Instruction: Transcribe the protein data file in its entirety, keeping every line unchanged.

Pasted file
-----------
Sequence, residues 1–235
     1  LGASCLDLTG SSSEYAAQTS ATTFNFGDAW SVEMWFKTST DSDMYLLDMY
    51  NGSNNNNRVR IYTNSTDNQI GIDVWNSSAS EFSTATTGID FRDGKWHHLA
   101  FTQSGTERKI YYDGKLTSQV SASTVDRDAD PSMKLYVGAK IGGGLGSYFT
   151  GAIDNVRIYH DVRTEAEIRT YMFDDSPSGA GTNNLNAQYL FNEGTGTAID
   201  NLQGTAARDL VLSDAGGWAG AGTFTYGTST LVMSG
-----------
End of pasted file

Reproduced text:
Sequence, residues 1–235
     1  LGASCLDLTG SSSEYAAQTS ATTFNFGDAW SVEMWFKTST DSDMYLLDMY
    51  NGSNNNNRVR IYTNSTDNQI GIDVWNSSAS EFSTATTGID FRDGKWHHLA
   101  FTQSGTERKI YYDGKLTSQV SASTVDRDAD PSMKLYVGAK IGGGLGSYFT
   151  GAIDNVRIYH DVRTEAEIRT YMFDDSPSGA GTNNLNAQYL FNEGTGTAID
   201  NLQGTAARDL VLSDAGGWAG AGTFTYGTST LVMSG